A few basic notes on Oracle Database Administration.

Monday, May 24, 2010

That's a whole lot of partitions!

Playing with interval partitioning...
I create the simplest table possible and insert 3 rows - generating 3 partitions.

SQL> create table d1 (dt date)
2 partition by range (dt) interval (numtoyminterval(1,'MONTH'))
3 (PARTITION P1 VALUES LESS THAN (TO_DATE('08/01/1776', 'MM/DD/YYYY')));

Table created.


SQL> insert into d1 values (to_date('07/04/1776', 'MM/DD/YYYY'));

1 row created.

SQL> insert into d1 values (to_date('09/22/1862', 'MM/DD/YYYY'));

1 row created.

SQL> insert into d1 values (to_date('08/18/1920', 'MM/DD/YYYY'));

1 row created.


SQL> select * from d1;

DT
---------
04-JUL-76
22-SEP-62
18-AUG-20


SQL> select table_name, partition_name from user_tab_partitions where table_name = 'D1';

TABLE_NAME PARTITION_NAME
------------------------------ ------------------------------
D1 P1
D1 SYS_P62
D1 SYS_P63

But when I look at the partition_count in user_part_tables...

SQL> select table_name, partition_count from user_PART_TABLES where table_name = 'D1';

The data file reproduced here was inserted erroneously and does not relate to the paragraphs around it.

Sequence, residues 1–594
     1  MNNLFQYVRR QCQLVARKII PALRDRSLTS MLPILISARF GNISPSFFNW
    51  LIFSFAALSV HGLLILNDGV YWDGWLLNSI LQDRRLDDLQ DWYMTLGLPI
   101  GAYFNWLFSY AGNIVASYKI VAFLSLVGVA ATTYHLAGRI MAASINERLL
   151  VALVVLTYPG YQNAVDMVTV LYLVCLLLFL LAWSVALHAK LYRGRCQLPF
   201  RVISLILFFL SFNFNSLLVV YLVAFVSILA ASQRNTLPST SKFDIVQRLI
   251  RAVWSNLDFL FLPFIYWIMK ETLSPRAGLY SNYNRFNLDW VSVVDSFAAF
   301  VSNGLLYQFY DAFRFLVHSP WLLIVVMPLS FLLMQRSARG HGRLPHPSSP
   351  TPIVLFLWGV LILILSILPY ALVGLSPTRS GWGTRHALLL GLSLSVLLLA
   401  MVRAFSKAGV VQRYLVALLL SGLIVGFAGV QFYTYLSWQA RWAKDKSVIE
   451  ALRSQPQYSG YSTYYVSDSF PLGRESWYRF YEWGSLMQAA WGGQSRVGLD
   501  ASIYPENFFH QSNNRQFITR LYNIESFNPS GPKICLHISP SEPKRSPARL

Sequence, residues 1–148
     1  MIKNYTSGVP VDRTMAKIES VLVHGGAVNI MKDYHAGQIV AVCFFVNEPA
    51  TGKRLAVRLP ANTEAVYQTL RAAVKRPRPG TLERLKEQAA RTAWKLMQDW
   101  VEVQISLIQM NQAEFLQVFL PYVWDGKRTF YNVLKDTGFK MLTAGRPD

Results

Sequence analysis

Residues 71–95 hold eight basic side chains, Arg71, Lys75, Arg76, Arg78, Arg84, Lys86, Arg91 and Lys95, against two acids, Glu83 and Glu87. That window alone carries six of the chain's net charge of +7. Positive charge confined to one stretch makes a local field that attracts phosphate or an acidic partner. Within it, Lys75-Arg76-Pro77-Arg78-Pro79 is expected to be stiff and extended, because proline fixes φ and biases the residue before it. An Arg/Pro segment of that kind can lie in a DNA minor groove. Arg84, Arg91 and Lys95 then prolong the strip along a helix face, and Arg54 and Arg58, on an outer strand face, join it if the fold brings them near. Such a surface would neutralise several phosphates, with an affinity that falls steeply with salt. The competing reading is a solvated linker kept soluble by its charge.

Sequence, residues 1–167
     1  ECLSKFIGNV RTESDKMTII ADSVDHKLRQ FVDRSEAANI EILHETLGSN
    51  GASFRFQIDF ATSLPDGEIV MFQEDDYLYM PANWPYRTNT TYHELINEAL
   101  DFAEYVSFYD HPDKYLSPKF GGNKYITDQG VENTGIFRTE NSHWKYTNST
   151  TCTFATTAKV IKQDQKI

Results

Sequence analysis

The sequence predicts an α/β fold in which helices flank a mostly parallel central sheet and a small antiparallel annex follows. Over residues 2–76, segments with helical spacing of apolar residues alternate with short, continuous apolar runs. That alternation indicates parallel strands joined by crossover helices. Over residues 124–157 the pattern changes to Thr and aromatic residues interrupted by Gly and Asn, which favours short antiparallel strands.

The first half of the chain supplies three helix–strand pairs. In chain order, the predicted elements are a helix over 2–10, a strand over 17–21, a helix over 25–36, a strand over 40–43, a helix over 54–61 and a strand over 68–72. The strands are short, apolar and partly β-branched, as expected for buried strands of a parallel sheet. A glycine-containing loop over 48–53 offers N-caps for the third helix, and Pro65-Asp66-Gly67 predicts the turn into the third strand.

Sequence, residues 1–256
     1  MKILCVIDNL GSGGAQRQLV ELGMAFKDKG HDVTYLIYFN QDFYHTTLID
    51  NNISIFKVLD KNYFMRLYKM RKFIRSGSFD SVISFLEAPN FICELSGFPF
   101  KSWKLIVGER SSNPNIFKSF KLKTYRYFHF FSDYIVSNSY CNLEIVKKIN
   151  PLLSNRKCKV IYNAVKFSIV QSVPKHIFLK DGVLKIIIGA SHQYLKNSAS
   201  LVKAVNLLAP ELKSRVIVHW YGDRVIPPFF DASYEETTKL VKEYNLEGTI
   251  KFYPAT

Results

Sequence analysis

TABLE_NAME PARTITION_COUNT
------------------------------ ---------------
D1 1048575

That's a whole lot of partitions! Clearly that is the maximum possible partitions. It's odd that the developers at Oracle chose to store that value there rather than the actual count of partitions created. They obviously have it available. Ah, the mysteries of the Oracle.

5 comments:

Connor McDonald said...

That's actually correct by definition.

Interval partitioning defines a starting point, followed by an "infinite" (aka 1 million) number of partitions, in the sense that all of the partitions are now "known", they just don't require a dictionary entry or segment until someone tries to put data in one.

girlgeek said...

Explanation accepted. If I want results relevant to mere mortal, I can find out how many partitions have data using

select count(*) from user_tab_partitions where table_name = 'D1';

Anonymous said...

Nice blog

sap erp system said...

Oracle if full of mystery and when try to learn more and more a new set of problem and interesting fact came out. Thanks for providing all the queries and explaining how to create partition. I will try them now and will create some table with partitions.

Sridevi Koduru said...

Regards
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